Of all the many compliments I received on The Music Playing, the one I cherish most is “It sounds so different from your previous shows.” Yes! This is exactly what I was going for. And if you can bear a third post in a row about my creative process, I’d like to talk about the creative leaps in the music.
Which means that we have, here, the old problem that it’s hard to talk about sound. Some of you know a great deal about music theory; some know naught. So, there’s a good chance things I’ll say may go over your head, or under your head, i.e., seem incredibly obvious.
But it’s not too music-student-specific to say that I took a look at the ways I’ve been composing music for years, and attempted to try new paths, things I wouldn’t normally do. In my previous post, I described my attempt to get away from my usual reliance on traditional lyric structure. At times I rebelled against the sort of musical architecture I usually stick to, too.
On one of the first numbers I wrote for the show, The Time Away, I had an idea about what the accompaniment might sound like at an unusually early point in the process. I had the notion that, when the character – a working mother – wasn’t singing a new note, we should hear, on odd beats, two notes one tone apart (the major second interval). The woman’s unsettled, distraught that she gets to spend so little time with her baby. If “time away” is something she loathes, the music might refer to clocks, but in a jagged, uncomfortable way. Now, nobody listening to the finished draft of the song would ever recognize this, but it gave me a point of departure.
Setting the title to notes is something I often do at an early stage in the process. In thinking about what the character had to express, I knew I wanted four tones that don’t naturally fit together. One of the more obvious ways of getting a rarely-heard combination would be to include the hardest interval to sing, the tritone. But that sounded a little too spooky to me. But I think that considering making the phrase hard to sing led me to choose a wide range, and there’s indeed a tritone between the second and fourth notes. Since those aren’t consecutive, it’s not too difficult to sing (the range is a ninth).
But landing on the flatted fifth put me in a place of great tension. I had an impulse to smooth that out by putting a pleasant, and perhaps expected chord under that fourth note. The first three pitches implied a D6, and I first thought I’d deal with the fourth by putting an E over D with it. Not what I ended up doing. But what may have been on my mind at this point is one of the key components of thoughtfully-written music, the interplay between tension and release. So I chose a harmonic palette that was going to lead me out of that knotty fourth note into something more familiar, but not so pleasant that it didn’t fit the character’s disquietude. The first three pitches are heard a cappela, that flat fifth ended up as a D6 with the fifth flatted. The clustery seconds on off-beats are the F# and G#. The next bar is a C#7sus (so the same clusters) which resolves to a C#m7. Then an F#m7, even though the F# doesn’t show up until the final beat of the measure; a G over A; F#9, and then a bar that goes from G major seventh to G minor with a major seventh and the eighth bar begins with one beat of Gm6 over A. This sets us up, as many eighth bars do, for a repetition, an identical section (or second A).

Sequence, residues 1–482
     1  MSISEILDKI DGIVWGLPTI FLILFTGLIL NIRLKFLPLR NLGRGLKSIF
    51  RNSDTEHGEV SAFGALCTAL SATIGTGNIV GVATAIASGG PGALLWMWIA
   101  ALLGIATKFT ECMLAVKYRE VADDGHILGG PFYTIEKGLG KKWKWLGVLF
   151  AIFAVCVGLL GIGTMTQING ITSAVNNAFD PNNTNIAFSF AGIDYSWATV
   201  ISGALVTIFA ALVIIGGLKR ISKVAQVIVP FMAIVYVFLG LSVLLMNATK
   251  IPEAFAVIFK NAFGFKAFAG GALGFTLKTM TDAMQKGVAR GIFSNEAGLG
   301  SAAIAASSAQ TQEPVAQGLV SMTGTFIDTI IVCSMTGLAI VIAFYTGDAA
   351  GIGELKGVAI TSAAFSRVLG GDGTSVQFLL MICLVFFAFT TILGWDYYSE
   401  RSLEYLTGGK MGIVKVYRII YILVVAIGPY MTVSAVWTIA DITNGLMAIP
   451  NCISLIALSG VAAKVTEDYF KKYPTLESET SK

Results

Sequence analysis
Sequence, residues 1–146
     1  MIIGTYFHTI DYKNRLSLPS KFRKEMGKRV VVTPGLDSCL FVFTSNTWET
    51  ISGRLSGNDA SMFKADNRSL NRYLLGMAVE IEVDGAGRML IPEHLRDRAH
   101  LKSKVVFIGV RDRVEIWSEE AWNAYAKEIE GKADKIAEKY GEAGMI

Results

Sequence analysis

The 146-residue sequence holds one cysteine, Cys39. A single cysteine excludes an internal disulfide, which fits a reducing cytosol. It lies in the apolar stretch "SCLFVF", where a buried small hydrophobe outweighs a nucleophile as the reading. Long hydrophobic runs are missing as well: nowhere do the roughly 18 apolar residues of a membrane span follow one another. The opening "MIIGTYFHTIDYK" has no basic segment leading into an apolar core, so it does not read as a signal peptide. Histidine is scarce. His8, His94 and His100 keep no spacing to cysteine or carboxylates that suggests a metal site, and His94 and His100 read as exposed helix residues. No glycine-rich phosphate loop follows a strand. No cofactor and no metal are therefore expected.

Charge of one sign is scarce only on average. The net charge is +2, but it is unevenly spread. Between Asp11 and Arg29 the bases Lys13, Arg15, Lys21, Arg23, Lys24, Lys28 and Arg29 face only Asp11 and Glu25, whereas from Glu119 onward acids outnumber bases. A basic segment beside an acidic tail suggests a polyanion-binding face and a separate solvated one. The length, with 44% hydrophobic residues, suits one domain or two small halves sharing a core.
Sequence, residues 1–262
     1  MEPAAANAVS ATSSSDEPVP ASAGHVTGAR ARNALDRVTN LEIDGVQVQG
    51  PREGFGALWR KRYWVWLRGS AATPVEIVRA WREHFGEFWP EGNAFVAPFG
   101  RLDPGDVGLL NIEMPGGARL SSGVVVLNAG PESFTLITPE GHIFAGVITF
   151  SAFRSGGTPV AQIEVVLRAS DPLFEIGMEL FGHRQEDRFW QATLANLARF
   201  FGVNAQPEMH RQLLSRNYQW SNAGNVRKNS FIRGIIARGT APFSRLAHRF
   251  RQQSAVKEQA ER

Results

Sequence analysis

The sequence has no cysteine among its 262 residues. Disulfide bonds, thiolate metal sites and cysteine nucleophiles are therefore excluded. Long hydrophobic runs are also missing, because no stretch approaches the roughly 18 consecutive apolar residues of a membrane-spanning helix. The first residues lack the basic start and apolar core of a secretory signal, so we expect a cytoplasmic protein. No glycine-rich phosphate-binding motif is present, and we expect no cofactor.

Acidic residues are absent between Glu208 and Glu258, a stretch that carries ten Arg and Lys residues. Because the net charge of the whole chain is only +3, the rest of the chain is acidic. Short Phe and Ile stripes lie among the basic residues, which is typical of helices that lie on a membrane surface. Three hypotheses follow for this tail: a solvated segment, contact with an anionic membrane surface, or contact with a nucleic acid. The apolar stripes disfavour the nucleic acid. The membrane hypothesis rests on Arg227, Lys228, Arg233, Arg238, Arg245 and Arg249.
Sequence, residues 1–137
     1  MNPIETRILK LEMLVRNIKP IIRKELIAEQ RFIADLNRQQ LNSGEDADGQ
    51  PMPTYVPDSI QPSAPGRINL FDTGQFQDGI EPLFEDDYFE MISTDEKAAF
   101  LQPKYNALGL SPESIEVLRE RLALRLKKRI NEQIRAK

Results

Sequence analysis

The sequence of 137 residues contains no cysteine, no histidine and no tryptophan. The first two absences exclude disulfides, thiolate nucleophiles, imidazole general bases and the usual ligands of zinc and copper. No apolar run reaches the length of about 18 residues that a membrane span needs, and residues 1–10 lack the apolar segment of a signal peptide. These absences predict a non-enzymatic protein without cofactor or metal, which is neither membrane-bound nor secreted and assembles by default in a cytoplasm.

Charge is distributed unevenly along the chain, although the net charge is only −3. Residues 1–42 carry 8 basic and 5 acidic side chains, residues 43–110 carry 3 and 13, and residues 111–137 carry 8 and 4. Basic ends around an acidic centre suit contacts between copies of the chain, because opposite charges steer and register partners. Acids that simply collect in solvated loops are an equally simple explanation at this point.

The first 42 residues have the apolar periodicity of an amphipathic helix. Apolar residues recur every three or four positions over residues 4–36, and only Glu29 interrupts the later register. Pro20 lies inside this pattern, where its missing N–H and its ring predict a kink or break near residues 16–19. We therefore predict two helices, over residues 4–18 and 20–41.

Certainly, my lyric on the page would suggest a repetition. The stanzas match:
The time away
Weighs on my soul
Telling me I’m wrong
It seems to say
Stray from that goal
Work is work.
Home’s where you belong.
What I ended up doing was keeping most of the same rhythms for the second A, but now the melody goes in even odder places. “Say” to “stray” is that dreaded tritone, which did prove difficult to sing. The eighth bar’s an f-natural, and I put pieces of the whole tone scale under it.
Bridges are supposed to contrast, and I went pretty far afield both rhythmically and harmonically. It’s as if the sentiment, which gets far more specific, is made up of a completely different musical fabric. The fifth and sixth bars don’t sound like anything else in the song (but they do sound like part of the show’s overture, a last-minute patchwork of themes I like in the whole show). The bridge concludes with an unexpected curse word, and the eighth bar plays a harsh chord in the right hand while the left hand plays octaves on the off beats, as if the accompanist’s hands are unable to get it together.
The final A may start with the same four notes, but everything else is stuff the listener hasn’t heard before, is unprepared for. In the show, the character’s fraught emotions seem to be coming out of nowhere. In the song, melodic phrases and chords seem to be coming out of nowhere, too. Then the song concludes on a C# minor chord while the singer’s last note was a B – hardly the sort of finish anyone expects from a song in D.
Sounds crazy, no?
To my surprise, when my musical director received the score, he commented, admiringly, about the crazy unexpected phrases in a different song, That Look To Me. In writing that, I knew I was a danger of writing predictable bubblegum pop, so I rewrote and rewrote, making sure to go places not even a musical director would expect. But that’s a tale for another day.